US 5512880 A
A baby monitor receiver in the form of a wristwatch. A holder including a stand and cradle is provided for the receiver so that it may be stood on a flat surface or clipped to the clothing of the person attending to the baby.
1. A baby monitor to be used by an attendant to listen to a child in a remote location comprising:
a receiver including a housing and a strap for securing the housing about the wrist of the attendant so that it may be worn as a wristwatch,
a holder having a cradle for releasably receiving the receiver, said holder including a clip for attachment to the clothing of the attendant,
and a stand forming part of the holder for supporting the receiver on a flat surface.
2. A baby monitor as described in claim 1 wherein
the stand and cradle are movable with respect to one another, said cradle in a first position relative to the stand nesting with the stand when the holder is to be clipped to the clothing of an attendant and the stand in a second position relative to the cradle being disposed beneath the cradle for supporting the receiver or a flat surface.
3. A baby monitor as defined in claim 2 wherein the cradle and stand are pivotally connected together and pivoting relative to reach other when the stand moves between the first and second positions.
4. A baby monitor to be used by an attendant to listen to a child in a remote location comprising
a receiver having a housing and a strap connected to the housing for securing the receiver to the wrist of the attendant so that it may be worn as a wristwatch,
and a holder for the receiver, said holder having a clip for hanging the receiver on the clothing of the attendant, said holder also having a support for standing the receiver on a flat surface.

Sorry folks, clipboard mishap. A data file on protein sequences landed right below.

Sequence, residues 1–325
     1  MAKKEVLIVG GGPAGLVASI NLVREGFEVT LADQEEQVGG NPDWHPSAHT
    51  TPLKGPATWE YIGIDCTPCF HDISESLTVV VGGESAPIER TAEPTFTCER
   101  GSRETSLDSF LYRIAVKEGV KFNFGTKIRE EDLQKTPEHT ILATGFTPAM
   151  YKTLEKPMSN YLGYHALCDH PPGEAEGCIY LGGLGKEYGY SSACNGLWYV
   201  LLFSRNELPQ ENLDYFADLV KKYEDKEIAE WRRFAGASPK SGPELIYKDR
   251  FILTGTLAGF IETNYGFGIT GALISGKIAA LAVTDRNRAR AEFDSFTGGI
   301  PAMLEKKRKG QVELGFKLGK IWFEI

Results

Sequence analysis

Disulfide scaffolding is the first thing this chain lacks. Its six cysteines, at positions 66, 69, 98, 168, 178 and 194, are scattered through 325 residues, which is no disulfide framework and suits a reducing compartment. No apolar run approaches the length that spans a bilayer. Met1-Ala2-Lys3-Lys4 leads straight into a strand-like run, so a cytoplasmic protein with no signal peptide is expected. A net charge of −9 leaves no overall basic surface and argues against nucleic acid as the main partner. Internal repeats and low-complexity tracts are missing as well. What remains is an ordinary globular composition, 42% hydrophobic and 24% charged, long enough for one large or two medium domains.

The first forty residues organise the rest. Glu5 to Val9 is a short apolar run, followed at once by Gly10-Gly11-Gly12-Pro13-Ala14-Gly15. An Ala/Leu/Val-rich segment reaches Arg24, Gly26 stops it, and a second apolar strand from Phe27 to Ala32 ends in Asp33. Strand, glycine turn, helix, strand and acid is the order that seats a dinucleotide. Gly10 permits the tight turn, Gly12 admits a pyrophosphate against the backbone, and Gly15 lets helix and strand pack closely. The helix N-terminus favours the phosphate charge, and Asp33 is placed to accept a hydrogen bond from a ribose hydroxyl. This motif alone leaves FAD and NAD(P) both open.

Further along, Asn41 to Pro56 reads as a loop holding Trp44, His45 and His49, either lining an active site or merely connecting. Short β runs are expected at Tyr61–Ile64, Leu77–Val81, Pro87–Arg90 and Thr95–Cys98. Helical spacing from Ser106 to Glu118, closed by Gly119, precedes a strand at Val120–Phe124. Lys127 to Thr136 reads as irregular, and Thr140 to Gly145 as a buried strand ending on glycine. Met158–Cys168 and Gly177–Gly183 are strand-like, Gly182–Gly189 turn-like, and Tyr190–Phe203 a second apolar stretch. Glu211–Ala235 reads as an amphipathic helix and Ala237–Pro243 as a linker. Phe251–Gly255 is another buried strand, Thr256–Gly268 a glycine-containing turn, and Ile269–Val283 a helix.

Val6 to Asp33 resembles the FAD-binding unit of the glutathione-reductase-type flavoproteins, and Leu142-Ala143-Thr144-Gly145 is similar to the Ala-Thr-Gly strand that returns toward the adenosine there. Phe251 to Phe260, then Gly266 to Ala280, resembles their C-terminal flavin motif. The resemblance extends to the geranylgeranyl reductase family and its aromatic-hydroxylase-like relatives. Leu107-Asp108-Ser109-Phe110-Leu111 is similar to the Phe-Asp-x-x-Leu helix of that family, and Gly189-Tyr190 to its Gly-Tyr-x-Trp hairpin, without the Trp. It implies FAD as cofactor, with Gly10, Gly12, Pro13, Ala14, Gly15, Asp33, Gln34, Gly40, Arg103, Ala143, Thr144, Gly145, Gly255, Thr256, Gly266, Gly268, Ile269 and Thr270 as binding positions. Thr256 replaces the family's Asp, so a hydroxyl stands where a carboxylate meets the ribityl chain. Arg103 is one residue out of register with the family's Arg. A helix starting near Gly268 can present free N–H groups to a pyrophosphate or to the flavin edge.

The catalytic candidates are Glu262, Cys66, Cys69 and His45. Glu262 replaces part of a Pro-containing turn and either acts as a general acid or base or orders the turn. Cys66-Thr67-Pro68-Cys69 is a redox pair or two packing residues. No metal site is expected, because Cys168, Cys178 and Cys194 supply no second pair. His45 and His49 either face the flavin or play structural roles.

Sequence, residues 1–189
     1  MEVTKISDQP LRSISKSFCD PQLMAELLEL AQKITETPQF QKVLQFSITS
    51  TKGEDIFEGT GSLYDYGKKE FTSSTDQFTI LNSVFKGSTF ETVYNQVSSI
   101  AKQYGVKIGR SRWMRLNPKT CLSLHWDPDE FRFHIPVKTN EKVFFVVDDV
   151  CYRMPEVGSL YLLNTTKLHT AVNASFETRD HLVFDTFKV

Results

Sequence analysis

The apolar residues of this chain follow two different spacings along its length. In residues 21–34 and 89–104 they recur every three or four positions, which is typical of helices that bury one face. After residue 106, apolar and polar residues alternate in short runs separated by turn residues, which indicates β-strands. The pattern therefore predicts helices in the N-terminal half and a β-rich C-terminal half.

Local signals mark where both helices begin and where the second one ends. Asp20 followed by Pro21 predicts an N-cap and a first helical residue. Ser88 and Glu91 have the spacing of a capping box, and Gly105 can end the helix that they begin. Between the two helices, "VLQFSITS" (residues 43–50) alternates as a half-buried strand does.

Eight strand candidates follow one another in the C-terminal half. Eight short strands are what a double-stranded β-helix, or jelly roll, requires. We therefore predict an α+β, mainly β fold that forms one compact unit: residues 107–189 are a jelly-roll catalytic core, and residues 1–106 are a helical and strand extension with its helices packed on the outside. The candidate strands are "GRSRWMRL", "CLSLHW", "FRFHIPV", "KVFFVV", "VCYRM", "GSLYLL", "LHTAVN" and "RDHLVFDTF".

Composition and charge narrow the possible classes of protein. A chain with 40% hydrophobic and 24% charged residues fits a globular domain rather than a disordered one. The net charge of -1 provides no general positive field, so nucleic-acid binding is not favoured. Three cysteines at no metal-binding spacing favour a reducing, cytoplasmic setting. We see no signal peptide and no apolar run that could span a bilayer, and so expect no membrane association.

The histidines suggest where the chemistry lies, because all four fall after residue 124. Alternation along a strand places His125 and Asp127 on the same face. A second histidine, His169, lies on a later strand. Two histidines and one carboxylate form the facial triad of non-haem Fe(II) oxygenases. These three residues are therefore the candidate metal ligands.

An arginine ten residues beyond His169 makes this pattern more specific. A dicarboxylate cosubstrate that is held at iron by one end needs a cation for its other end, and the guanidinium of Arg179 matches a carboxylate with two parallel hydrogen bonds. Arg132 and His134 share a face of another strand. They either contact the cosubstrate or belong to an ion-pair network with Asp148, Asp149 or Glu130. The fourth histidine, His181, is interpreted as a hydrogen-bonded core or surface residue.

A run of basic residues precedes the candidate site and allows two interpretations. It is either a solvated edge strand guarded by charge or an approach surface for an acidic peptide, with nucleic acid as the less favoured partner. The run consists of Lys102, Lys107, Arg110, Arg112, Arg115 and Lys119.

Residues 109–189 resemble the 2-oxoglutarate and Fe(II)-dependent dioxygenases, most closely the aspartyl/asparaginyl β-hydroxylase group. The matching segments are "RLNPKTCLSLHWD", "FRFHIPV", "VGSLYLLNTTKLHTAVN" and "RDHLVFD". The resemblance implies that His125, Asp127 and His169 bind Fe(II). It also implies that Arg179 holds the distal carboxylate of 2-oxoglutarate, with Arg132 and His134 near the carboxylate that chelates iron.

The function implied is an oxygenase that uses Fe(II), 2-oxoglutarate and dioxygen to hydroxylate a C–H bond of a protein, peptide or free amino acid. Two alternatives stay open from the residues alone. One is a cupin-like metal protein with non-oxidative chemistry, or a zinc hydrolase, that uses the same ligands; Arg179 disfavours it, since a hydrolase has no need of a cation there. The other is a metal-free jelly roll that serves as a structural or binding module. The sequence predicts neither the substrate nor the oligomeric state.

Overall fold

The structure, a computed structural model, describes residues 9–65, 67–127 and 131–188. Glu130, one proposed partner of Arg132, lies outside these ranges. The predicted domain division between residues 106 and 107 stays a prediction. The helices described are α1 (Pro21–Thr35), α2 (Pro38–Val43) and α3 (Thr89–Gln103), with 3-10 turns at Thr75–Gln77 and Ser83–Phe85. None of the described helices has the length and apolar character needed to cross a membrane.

5. A baby monitor as defined in claim 4 wherein
said holder includes a cradle for engaging the receiver.
6. A baby monitor as defined in claim 5 wherein the support is a stand pivotally connected to the cradle.
7. A baby monitor as defined in claim 6 wherein
the stand is movable between an operable position for supporting the cradle on a flat surface and an inoperable position when the clip supports the receiver on the clothing.
8. A baby monitor as defined in claim 7 wherein
a detent is provided in the holder for releasably holding the stand in the operative and inoperative positions.
9. A baby monitor as defined in claim 4 wherein the receiver is removable from the holder.
10. A baby monitor as defined in claim 9 wherein the receiver is removed from the holder when the receiver is worn as a wristwatch.
11. A baby monitor as defined in claim 10 wherein
said holder includes a cradle for engaging the receiver.
12. A baby monitor as defined in claim 11 wherein the support is a stand pivotally connected to the cradle.
This invention relates to baby monitors and more particularly comprises a new wrist watch receiver that can be conveniently strapped to the wrist or be assembled with a holder to enable it to sit on a flat surface or be clipped onto the clothing of the person attending to the child.
Baby monitors are widely used to check on babies and young children while the person attending to the child is in a location remote from the child. Conventionally, the monitor system includes a transmitter which is placed in the area of the child and a receiver which is placed in the vicinity of the attendant and the system allows the attendant to listen to the child. Monitoring systems now available include receivers that can be clipped to the clothing of the attendant or alternatively placed on a stand resting on a surface such as a table or counter, but the receivers are quite large and cannot be worn as a watch about the wrist. Typically, the receivers are approximately 4"×3"×11/2" or larger and simply cannot as a practical matter be strapped to the wrist.